In conclusion, while Viola’s research and ‘Pagan Christianity’ has been helpful in many ways, it is clear that they suffer from what Snyder calls fallacious syllogism – ‘It holds that because much church practice is pagan in origin, therefore such practices should be jettisoned.’ Instead, as Snyder pointed out, the whole issue of Contextualisation needs to be taken into account. The very fact is that, we do not live in the New Testament times! The Western church is as such because it went through a process of interaction of faith and culture. It may need to further undergo more contextualisation for the postmodern world but lest we are able to consider the issue as a matter of culture we will never be able to progress.


Made to Stick

From my previous blog:

One of many books that I value highly is ‘Made to Stick’ by Chip and Dan Heath. You can find its excerpts here. They were also interviewed in the 2009 Global Leadership Summit organized by Willow Creek Community Church.

Their idea matches the format of the Revivalists in the nineteenth century America, where concreteness, emotion, stories and to a certain extent, unexpectedness played a part in shaping the ‘new measures’ of revivalism. A particular case would be Lorenzo ‘Crazy’ Dow who delights in unexpectedness. Applied to preaching, this can be used to distinguish a revivalist from an ‘old school’ (as per Finney’s definition) preacher. Today, such difference is evident between charismatic preacher and his more conservative counterparts.

Goodbye Symbols?

When Stearns wrote about waiving goodbye to Christian America and saying hello to true Christianity I cannot help but to reflect on whether we can separate symbols and belief. Stearns’ arguments have their merits. Surely, nominal Christianity has always been the opposite of authentic Christianity, and as America now actually moves out of it one may naturally think that the time has come for people to finally consider the Christian faith without needing to be conversant to its symbols.

However, things may not be as straight-forward as it seems. Firstly, as Christian America converts into Secular America, new symbols will be adopted. Entering into a typical corporate culture entails the adoption of its cultural elements, including that, among others, the ‘belief’ in free-market capitalism, the ‘ritual’ of certain shopping exprience and  no less, taking on of the symbols of the said culture. For example, if the symbol of the cross, in general, represents the Christian faith, the symbols of some logos, like that of Google, or that of the Guy Fawkes’ mask symbolise deeper meanings too. People simply move from one culture to another, or in the typical postmodern pattern, pick-and-choose from a variety of cultures to form their own very private culture or grouping together with the like-minded to form a sub-culture. So strictly, people do not move from Christian America into a neutral ground, but will be or have been absorbed into other culture(s) in the process. This is typical of the postmodern condition, where people are exposed to various cultures and have largely skeptical towards a self-proclaimed, fix meta-narrative.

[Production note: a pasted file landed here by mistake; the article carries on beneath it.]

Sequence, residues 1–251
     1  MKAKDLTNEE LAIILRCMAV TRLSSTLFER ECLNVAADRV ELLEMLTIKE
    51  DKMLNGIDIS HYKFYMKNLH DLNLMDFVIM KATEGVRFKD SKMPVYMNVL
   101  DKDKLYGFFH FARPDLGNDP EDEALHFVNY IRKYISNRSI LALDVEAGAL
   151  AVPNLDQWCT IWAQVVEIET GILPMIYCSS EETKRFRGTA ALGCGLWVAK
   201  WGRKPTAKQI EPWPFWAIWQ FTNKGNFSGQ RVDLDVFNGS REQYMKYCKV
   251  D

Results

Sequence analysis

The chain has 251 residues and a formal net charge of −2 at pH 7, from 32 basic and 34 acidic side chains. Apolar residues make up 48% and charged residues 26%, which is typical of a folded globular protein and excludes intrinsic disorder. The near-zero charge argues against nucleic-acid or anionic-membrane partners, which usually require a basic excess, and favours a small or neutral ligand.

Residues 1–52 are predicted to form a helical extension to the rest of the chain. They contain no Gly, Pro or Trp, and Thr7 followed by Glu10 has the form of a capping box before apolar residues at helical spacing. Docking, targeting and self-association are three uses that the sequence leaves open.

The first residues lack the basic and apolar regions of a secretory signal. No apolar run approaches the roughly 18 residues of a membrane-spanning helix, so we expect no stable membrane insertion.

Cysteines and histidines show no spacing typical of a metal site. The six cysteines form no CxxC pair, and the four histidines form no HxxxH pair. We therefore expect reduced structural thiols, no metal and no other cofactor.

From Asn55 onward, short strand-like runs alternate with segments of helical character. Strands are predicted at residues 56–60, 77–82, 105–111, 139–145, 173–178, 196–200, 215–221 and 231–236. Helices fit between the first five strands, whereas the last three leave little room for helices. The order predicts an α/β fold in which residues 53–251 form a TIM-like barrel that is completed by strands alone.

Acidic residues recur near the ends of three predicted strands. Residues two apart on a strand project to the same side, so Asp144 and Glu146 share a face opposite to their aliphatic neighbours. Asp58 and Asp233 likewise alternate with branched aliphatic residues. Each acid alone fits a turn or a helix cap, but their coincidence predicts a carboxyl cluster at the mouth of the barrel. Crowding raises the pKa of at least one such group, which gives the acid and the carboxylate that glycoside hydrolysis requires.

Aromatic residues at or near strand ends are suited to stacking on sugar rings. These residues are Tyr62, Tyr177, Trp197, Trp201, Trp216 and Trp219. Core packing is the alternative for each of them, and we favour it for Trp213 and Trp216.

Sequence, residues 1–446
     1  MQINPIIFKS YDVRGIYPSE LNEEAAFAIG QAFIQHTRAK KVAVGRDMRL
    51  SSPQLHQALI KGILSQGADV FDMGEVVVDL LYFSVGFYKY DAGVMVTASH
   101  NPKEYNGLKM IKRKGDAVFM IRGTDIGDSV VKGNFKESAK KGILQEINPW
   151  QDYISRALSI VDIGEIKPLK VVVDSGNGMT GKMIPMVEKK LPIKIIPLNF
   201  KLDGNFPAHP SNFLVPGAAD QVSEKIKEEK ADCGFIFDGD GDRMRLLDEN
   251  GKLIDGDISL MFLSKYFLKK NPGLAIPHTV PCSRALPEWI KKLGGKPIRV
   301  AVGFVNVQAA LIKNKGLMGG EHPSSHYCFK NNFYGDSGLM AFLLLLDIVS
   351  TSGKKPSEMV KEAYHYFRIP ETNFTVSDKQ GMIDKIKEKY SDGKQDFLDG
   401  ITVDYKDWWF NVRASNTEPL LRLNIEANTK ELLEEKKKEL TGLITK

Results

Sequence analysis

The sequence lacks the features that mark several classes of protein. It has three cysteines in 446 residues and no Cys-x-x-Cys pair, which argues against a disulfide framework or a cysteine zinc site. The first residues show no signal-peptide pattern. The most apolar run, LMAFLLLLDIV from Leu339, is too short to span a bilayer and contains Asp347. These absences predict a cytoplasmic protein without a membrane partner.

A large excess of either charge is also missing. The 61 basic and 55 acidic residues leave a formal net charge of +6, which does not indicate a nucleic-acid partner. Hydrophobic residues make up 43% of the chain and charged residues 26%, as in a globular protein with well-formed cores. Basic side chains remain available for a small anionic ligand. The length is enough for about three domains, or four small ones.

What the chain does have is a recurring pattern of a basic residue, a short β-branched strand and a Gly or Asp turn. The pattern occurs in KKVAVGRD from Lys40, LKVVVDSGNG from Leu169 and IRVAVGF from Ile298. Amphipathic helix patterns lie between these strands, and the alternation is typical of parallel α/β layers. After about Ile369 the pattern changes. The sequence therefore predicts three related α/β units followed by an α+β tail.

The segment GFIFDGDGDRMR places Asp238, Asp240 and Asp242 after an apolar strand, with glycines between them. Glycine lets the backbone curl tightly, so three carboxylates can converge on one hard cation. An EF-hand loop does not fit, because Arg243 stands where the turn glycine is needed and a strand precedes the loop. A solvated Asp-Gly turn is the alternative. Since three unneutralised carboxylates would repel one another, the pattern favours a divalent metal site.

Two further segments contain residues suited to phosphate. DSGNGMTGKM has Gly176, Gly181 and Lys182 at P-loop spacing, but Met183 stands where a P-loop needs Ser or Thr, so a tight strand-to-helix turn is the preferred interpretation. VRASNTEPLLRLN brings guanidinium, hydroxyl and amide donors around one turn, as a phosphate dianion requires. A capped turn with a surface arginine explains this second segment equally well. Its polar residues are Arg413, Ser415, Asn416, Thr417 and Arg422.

So leaving Christian America may actually mean entering into secularism, which in turns, means new symbols embraced. It is of course true, that Christians have always keen to adopt symbols of the world. In so doing, Christians relate those symbols to certain values which they cherish. In other words, it is an attempt to Christianise symbols. Obviously the Roman form of execution, the cross has been Christianised. A more interesting example would be the obelisks. This Egyptian symbol can be observed at various ‘Christian’ places, no less at the centre of the St. Peter’s Square.

Thus, I am not convinced that as we waive goodbye to Christian America, we would then be welcoming the true Christianity. What follows would be a time when Christianity embracing and ‘Christianising’ new symbols, as it slowly taking another cultural form. One example, is the change of church architecture, where new symbols replace old ones. Some may bemoan the disappearance of the cross as the centrepiece of the design but one must scrutinise the reason for our displeasure. It is not enough to just say that ‘it used to be there, right at the centre of the front’. Instead one must scrutinise the reason for the concern – is it due to our concern that we may lose sight of the symbol which reminds us of the sacrifice of Christ on the cross? What does the cross mean to us? I believe the majority evangelicals, which follow the tradition of a deep appreciation and belief in salvation by grace through Christ’s sacrifice on the cross, would find the cross a symbol which is able to best capture this belief. However we can argue that God’s creation and Christ’s resurrection should have no less significant in the whole grand story of God’s redemption of man. Should then we have symbols for them in place of the cross? So maybe the cross is emphasised because the evangelicals find it meaningful in relation to their belief. If the evangelicals and the reformed churches emphasise the cross, surely the Pentecostal and other newer churches which put more weight on other aspects of God and His mission, would adopt other symbols. See example here.
Stearns authored the book:

Interesting Reads on China for Westerners

I have enjoyed reading Martin Jacques’ opinions published in the BBC website and I though it would be good to share them here:

Is China more legitimate than the West?

How China sees a multicultural world

Making sense of China

As a Chinese whom speaks, writes and breath Chinese I am please to see that someone in the West has finally cracked it! Jacques understands China. He is also able to put in words the very differences which distinguish Chinese worldview and that of the West.